Election day came and passed without any major incident, in fact, Colombia's Defense Minister has stated that these have been the "calmest elections in 25 years." That doesn't mean there weren't "irregularities," after all, this is democracy. The biggest taint that is beginning to unravel about these elections is the "Parapolitics" card. Al-Jazeera reported that Paramilitaries in rural areas had been intimidating voters and the Mission for Electoral Observation (electoral NGO) reported that the controversial Party for National Integration (PIN) had been involved in "vote-buying." The reason PIN is so controversial is that it is a coalition of relatives and spouses of other conservative parties that disbanded after many of its members were imprisoned for their direct ties to paramilitaries.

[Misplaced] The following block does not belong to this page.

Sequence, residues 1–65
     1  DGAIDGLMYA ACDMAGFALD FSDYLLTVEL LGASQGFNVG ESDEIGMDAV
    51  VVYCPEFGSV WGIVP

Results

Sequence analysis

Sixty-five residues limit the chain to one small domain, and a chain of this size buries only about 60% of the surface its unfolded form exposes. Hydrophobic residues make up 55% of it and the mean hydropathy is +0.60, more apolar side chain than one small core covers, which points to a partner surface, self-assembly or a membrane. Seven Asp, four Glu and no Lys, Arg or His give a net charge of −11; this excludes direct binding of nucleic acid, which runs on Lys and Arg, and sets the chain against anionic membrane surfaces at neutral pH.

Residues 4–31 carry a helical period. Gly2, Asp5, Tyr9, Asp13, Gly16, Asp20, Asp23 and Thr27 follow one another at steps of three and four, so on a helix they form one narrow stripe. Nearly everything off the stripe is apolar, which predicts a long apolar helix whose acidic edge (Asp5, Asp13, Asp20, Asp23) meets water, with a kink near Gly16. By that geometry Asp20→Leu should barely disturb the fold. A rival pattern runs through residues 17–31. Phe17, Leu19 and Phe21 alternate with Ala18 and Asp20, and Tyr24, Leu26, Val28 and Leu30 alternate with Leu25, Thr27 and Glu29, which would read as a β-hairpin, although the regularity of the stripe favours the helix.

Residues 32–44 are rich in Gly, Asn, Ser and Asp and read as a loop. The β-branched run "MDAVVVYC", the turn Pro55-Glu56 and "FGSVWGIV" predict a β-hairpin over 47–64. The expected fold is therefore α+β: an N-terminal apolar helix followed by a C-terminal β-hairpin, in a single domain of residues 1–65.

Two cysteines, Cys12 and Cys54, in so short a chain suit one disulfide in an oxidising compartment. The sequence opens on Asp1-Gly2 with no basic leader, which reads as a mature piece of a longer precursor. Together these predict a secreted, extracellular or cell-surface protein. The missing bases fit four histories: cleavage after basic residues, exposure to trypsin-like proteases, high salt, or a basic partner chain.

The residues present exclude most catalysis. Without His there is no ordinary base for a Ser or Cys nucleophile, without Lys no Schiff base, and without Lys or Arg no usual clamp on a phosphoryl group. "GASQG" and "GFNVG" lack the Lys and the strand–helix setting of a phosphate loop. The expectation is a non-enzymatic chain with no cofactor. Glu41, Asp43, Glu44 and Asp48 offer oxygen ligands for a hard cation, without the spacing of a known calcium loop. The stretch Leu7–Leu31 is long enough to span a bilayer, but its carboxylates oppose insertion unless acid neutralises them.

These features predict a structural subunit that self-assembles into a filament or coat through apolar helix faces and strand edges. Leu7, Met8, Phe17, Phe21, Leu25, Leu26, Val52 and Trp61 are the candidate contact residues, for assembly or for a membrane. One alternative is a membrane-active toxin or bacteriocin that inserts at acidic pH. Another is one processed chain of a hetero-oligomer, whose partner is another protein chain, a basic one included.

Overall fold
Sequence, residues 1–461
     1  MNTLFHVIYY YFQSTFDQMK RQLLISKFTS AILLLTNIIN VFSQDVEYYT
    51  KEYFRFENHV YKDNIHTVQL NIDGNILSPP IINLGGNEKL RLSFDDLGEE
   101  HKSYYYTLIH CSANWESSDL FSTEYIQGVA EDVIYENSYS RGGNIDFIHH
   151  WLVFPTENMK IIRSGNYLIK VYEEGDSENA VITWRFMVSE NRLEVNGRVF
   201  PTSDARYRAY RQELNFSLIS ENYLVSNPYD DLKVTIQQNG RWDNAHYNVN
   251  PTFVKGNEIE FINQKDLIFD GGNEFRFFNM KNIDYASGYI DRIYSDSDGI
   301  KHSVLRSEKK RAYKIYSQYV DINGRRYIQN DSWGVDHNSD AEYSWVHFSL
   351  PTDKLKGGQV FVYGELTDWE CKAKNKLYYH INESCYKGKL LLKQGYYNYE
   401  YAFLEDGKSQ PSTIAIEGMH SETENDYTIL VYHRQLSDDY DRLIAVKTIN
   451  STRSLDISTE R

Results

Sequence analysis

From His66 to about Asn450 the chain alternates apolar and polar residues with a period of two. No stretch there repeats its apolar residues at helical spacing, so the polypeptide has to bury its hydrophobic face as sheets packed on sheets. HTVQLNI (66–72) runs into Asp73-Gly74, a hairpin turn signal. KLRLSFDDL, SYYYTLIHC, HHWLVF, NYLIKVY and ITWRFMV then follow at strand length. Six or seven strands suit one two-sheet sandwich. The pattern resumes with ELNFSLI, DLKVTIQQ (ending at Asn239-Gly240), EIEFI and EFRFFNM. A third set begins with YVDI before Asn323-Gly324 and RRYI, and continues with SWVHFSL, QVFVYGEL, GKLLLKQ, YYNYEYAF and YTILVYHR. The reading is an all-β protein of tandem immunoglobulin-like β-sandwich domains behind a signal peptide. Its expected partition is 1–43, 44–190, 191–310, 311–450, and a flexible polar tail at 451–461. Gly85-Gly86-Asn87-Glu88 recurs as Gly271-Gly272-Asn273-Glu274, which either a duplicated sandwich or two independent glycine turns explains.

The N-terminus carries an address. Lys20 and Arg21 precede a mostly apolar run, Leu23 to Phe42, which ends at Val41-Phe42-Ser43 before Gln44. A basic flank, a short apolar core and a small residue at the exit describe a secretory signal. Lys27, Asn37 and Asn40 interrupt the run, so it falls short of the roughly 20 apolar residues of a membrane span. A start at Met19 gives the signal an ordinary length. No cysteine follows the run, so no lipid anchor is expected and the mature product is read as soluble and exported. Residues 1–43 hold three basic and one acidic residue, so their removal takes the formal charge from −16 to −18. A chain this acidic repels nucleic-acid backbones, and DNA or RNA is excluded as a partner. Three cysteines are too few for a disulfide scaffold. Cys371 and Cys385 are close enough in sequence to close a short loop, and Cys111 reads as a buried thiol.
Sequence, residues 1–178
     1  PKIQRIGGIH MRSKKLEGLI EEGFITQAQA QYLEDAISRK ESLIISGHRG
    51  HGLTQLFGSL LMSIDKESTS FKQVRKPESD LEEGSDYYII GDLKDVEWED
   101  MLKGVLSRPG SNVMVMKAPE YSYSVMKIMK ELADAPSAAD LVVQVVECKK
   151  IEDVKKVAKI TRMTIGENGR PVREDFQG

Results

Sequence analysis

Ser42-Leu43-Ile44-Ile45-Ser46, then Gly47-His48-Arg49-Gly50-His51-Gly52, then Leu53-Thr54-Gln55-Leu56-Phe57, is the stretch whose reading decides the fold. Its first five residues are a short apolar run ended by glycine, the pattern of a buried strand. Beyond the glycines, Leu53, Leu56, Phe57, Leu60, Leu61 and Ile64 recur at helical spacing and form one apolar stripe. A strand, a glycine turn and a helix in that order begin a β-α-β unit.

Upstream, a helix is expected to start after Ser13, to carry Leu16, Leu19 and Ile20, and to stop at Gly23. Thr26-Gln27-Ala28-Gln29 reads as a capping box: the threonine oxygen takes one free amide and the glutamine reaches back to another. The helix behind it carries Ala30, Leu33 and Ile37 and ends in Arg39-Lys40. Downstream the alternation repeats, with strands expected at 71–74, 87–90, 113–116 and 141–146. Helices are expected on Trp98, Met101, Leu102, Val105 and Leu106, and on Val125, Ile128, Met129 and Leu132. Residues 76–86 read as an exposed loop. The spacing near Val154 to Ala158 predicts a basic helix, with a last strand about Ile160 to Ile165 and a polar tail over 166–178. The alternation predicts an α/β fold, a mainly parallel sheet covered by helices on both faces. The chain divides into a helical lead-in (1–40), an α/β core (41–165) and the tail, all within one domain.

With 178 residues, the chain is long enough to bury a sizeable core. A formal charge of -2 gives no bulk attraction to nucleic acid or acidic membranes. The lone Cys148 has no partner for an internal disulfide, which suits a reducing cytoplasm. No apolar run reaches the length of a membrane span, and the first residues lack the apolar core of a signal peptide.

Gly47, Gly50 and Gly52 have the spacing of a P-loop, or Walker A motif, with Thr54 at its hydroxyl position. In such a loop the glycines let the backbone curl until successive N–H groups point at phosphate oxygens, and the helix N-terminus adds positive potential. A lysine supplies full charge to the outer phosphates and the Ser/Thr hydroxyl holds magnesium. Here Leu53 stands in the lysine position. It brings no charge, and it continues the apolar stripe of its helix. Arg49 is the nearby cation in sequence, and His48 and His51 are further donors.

The PIN won 8 Senate seats and will join National Unity (27 seats), Conservative (23) and Radical Change (8) to form a dominant majority to support Uribe's pick for President in the coming months. For the opposition, the Liberal Party held 18 seats, followed by Polo (8) and Green Party (5). Votes for the house are still slowly being counted but seem to reflect a similar trend as the Senate. This overwhelming support for Pro-Uribe parties will no doubt play a large role in the upcoming presidential elections on May 30th. Everyone is expecting this Congressional bellweather to whisk in presidential hopeful (and Uribista favorite) Juan Manuel Santos. Though Uribe has not specifically endorsed a candidate AND the OAS and other independent electoral comissions have not finished with their reports. It's possible these electoral corruption charges could pan out and provide more support for the Opposition. Only time will tell.